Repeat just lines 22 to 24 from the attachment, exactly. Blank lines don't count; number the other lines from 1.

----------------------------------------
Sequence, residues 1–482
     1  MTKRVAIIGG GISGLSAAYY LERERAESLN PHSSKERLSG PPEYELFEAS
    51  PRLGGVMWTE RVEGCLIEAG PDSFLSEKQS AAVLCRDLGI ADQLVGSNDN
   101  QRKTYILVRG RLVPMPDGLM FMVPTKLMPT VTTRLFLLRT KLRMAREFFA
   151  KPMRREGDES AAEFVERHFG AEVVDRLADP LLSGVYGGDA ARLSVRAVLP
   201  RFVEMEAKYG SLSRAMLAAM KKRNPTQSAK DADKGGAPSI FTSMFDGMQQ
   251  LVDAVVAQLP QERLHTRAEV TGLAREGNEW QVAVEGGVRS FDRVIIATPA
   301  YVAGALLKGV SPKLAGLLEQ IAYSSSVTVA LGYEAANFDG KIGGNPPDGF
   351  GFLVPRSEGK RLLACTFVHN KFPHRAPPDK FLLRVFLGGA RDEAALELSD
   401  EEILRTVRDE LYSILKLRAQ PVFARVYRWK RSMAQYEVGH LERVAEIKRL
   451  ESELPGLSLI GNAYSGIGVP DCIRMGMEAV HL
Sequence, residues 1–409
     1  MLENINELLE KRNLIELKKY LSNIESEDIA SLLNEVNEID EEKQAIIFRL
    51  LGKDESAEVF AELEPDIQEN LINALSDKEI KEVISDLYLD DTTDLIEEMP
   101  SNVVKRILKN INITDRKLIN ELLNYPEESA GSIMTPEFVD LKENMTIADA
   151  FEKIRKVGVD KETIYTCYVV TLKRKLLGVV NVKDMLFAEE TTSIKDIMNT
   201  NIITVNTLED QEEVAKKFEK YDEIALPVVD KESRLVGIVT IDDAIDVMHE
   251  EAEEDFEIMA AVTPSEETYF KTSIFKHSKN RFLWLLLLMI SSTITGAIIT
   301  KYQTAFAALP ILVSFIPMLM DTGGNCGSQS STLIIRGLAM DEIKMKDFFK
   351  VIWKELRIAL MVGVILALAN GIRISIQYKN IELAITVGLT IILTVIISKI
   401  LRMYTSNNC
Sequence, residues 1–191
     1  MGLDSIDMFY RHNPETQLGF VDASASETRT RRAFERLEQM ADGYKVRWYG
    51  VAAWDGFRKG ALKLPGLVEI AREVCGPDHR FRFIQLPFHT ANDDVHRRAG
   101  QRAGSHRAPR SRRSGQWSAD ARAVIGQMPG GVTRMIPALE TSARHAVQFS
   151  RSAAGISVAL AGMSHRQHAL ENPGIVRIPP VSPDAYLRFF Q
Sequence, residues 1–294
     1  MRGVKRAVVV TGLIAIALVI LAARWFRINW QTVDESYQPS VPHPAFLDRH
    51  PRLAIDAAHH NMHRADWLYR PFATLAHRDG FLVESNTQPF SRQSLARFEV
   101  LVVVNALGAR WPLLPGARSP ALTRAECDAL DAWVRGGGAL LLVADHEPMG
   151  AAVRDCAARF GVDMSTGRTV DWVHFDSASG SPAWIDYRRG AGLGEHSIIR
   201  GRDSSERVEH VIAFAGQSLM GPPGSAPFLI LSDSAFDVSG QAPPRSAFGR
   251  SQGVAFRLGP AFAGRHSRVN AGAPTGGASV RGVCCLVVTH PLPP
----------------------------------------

Sequence, residues 1–191
     1  MGLDSIDMFY RHNPETQLGF VDASASETRT RRAFERLEQM ADGYKVRWYG
    51  VAAWDGFRKG ALKLPGLVEI AREVCGPDHR FRFIQLPFHT ANDDVHRRAG